Local News

Fort Bragg Increases Security; Identification Required To Enter Post

Posted February 10, 2003

— Everyone entering Fort Bragg will have to show identification at the gate, even if they are a passenger in a car with a military decal.

Fort Bragg heightened its gate security Sunday in response to the government's decision Friday to increase the national terror threat level to "high risk."

People driving onto post should be prepared for longer waits, said Gene Sexton, a spokesman for the 18th Airborne Corps.

Prior to Sunday's change, only people in cars without military decals had to show identification and have their cars searched. The drivers of cars with military decals had to show identification but their passengers did not.

Now everyone entering the post will have to show identification.

"If you don't have an ID card you will not get on the installation. That's the additional protection measure here. We are going to verify everyone's identification when they come on. If it's not right, if it doesn't seem right, we'll take action. It's just another way for us to maintain vigilance," said Maj. Gary Tallman.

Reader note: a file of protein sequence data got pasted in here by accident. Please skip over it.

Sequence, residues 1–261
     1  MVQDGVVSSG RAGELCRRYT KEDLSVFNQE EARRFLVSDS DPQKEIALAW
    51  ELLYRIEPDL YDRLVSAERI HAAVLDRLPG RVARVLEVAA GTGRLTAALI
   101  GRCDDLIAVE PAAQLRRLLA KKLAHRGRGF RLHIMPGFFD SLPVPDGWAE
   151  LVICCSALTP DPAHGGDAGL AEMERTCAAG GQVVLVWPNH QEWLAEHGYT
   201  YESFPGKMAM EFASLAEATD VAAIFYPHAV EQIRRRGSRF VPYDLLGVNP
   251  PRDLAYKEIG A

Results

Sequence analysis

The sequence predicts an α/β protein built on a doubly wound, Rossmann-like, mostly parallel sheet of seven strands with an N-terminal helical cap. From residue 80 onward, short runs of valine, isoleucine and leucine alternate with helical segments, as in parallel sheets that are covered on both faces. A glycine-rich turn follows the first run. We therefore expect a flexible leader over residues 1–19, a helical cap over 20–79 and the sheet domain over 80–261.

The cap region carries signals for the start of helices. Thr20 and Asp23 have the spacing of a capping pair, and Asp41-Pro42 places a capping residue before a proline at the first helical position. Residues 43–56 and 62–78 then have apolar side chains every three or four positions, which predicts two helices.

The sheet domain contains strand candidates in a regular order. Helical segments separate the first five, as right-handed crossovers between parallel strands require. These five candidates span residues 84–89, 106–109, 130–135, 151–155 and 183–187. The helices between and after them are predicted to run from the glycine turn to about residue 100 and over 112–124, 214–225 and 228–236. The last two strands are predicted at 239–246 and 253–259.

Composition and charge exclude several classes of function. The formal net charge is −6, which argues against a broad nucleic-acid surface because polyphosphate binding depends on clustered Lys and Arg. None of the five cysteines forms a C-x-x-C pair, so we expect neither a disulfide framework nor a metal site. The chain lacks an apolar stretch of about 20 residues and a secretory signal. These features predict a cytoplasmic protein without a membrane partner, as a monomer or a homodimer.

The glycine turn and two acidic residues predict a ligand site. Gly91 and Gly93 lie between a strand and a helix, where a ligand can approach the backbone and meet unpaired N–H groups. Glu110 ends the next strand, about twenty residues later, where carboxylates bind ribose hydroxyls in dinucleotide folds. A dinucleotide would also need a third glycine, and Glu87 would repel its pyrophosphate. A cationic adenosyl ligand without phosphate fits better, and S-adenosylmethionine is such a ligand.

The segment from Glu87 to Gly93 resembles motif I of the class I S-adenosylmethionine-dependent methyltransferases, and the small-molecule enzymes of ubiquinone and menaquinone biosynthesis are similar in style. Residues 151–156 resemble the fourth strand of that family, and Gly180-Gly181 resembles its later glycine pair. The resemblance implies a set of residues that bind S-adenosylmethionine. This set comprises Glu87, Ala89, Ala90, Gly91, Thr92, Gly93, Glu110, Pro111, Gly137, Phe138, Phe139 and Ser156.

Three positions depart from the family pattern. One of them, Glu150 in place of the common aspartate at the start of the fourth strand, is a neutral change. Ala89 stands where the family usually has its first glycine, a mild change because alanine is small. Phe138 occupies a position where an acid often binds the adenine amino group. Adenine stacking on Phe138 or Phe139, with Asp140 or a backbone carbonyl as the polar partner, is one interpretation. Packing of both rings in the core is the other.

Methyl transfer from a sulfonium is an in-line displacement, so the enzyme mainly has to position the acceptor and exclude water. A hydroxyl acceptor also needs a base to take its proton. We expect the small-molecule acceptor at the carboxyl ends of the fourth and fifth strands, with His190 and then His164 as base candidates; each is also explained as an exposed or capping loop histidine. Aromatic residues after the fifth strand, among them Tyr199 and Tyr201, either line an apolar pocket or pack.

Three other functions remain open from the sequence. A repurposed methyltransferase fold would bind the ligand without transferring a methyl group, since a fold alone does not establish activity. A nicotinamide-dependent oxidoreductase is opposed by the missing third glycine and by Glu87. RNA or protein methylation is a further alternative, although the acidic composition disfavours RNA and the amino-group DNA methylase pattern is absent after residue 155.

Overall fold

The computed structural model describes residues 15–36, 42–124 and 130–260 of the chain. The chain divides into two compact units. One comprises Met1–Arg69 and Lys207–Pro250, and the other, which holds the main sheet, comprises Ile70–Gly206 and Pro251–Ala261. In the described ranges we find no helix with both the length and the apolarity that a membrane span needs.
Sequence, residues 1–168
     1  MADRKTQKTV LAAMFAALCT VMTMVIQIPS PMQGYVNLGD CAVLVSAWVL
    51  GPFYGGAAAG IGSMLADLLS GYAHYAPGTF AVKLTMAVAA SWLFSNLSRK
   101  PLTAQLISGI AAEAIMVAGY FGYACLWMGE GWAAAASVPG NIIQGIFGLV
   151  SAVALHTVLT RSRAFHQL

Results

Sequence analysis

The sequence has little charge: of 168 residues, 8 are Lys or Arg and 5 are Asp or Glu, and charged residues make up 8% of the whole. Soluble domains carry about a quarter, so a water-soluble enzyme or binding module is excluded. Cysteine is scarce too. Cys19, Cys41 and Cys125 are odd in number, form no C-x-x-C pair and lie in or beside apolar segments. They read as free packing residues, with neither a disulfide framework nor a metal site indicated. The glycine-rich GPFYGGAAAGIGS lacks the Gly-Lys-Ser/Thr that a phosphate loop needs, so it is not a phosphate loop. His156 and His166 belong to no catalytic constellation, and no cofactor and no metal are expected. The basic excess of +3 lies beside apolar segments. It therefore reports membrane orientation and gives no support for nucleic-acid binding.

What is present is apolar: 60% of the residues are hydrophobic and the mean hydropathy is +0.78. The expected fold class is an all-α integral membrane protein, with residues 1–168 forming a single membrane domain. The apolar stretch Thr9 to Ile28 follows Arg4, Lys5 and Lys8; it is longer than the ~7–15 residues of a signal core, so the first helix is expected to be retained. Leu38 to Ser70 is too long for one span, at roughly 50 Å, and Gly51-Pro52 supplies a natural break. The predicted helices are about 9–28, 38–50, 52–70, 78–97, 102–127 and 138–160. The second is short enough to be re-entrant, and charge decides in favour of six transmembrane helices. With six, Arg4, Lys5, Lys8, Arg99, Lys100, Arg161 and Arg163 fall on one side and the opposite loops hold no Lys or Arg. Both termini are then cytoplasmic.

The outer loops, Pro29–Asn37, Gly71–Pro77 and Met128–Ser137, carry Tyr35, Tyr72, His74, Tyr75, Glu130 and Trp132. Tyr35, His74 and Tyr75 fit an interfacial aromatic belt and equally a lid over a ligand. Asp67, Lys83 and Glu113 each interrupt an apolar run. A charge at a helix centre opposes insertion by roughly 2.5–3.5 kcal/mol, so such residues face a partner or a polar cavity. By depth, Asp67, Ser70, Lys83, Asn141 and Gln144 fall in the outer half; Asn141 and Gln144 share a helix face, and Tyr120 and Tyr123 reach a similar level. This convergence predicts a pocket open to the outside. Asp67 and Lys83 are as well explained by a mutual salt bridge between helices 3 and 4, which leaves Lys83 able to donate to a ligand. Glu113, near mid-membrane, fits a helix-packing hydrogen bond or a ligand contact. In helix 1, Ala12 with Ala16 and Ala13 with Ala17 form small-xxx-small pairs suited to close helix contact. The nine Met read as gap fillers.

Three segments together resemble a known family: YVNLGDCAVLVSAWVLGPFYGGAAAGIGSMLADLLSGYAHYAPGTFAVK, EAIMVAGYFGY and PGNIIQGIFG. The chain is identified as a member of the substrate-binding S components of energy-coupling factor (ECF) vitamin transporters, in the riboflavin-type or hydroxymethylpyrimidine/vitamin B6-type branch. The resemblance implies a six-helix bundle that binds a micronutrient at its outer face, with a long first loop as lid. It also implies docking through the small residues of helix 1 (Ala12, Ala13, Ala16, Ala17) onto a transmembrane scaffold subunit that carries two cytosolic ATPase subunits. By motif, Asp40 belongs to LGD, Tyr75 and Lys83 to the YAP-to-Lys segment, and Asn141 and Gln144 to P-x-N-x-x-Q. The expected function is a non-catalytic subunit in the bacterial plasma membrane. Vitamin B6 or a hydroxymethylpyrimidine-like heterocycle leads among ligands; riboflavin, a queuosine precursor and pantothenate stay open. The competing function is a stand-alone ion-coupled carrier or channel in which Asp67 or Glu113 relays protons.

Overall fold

Random searches will be done of cars with military decals. If someone does not have identification, the car they are in will not be allowed on post.

The lines at the gates should not be as long as those following the Sept. 11, 2001, terrorist attacks. Then, soldiers searched every car entering Fort Bragg, causing backups that were miles long.

Post officials said in a statement the change came after receiving a directive from the Department of the Army to review its protection measures.

"Fort Bragg has no particular information or indication that there is an imminent threat to the installation," according to the news release. "The installation commander determined these measures to be a prudent response to the directive to review our current posture and maintain vigilance."

Spc. Jason Irvin, one of the 45,000 personnel assigned to the post, said he does not expect a longer wait when he drives to work. He noted that there has been increased security at the gates since the Sept. 11 attacks.

"After a year of this, we're kind of used to it," he said.

As many as 40,000 vehicles pass through the gates each day.


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